Abstinence Teacher Resources
Find Abstinence educational ideas and activities
Showing 1 - 20 of 165 resources
Learners examine the topic of abstinence. They discover aspects of the topic from a global to local level. They participate in a debate to share their opinions.
Seventh graders are introduced to the concept of abstinence. In groups, they identify what potential diseases and infections they are protecting themselves from getting. They also are introduced to programs that promote abstinence and contraception.
Students examine and discuss the topic of abstinence. They identify positive reasons for choosing abstinence and three reasons choosing abstinence could be challenging, conduct a communication activity, and complete various worksheets.
FLASH has put together another good lesson about touch and abstinence. Humans need human touch, yet many confuse this need for touch, and their desire for sex. Discuss the four types of touch with your health or teen issues class. There are a couple of activities and lots of questions to guide your lesson. Adapt it as you need, but have this talk with your classes.
Students identify positive reasons why people choose to practice abstinence and complete communication that is successful in this practice. In this abstinence lesson plan, students view videos and fill out worksheets provided.
Students define abstinence and discuss its importance. In this abstinence lesson plan, students work in groups to brainstorm why teens might not have sex. Students share their reasons and discuss abstinence.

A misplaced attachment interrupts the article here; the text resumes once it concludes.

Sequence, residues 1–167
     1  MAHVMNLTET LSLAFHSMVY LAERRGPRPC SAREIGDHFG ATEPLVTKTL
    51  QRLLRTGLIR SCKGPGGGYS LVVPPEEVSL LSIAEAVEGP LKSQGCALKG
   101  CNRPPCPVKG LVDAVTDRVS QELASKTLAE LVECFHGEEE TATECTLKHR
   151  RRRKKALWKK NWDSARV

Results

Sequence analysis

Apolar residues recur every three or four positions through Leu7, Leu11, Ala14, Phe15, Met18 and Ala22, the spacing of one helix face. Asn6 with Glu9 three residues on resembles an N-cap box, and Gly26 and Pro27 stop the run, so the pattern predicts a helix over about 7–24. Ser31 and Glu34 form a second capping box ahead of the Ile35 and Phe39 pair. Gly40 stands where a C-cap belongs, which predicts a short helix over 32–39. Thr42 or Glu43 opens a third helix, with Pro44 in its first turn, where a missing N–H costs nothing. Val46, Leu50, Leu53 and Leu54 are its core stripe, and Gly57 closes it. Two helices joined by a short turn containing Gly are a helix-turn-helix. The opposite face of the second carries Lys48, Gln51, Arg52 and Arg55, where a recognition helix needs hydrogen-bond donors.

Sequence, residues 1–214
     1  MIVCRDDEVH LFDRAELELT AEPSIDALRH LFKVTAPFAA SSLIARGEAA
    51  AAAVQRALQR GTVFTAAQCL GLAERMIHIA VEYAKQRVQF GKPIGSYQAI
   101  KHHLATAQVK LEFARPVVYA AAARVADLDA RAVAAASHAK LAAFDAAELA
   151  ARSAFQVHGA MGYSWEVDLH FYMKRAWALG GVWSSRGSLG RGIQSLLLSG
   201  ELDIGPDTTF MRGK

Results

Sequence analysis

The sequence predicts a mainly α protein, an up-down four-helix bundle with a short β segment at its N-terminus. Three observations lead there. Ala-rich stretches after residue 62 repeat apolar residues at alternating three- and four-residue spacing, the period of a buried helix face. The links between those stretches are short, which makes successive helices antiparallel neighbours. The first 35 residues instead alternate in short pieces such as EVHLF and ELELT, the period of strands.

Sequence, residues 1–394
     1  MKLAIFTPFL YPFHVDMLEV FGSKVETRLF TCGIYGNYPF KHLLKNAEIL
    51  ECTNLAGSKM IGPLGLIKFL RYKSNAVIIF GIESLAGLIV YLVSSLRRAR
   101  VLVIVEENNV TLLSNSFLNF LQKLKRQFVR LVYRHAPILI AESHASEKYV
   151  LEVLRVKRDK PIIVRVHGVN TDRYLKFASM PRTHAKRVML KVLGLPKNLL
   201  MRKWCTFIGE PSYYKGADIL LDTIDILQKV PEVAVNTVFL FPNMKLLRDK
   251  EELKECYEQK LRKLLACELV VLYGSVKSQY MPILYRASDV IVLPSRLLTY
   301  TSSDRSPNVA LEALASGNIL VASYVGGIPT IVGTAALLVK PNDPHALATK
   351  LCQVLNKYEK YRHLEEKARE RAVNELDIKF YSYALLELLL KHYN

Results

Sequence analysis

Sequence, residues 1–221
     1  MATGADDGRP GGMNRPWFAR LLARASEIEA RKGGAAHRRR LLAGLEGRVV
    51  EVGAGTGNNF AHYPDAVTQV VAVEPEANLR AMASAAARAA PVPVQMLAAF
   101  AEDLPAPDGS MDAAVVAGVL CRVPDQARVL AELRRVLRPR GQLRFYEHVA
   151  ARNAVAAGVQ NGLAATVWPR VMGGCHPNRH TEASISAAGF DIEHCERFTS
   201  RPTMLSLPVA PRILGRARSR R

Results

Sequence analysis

Students research human health by identifying sexual awareness. In this sexual behavior activity, students identify abstinence and consider if it is something they should participate in. Students research the different types of touch and how it can be meant as friendly, sexual or aggressive.
For private or home school students learning with an emphasis on religion, this lesson on sex before marriage may be quite appropriate. Male students ages 10-14, discuss sexually transmitted diseases and gain knowledge about the effects of alcohol and tobacco on the body. They pledge to abstain from sex until marriage, write the pledge on paper, and use paste to create an abstinence basketball. This could also be an appropriate church or youth group activity.
Students create age-appropriate, informational brochures examining health topics relating to sex, after learning about federally funded abstinence-only sex education.
Students examine the ways in which sexual risk reduction can take place in a communicative manner. In this negotiating sexual risk reduction instructional activity, students work in groups to role play a realistic situation. Students present their role-play as a skit to the rest of the class. Students then discuss key points relating to abstinence, contraceptives, pregnancies, and HIV.
Seventh graders review how to make positive decisions regarding their sexual behavior. As a class, they discuss abstinence is the best policy however focus on those who choose not to abstain and their options. They use the Internet and participate in various scenarios to discover what option is best for them.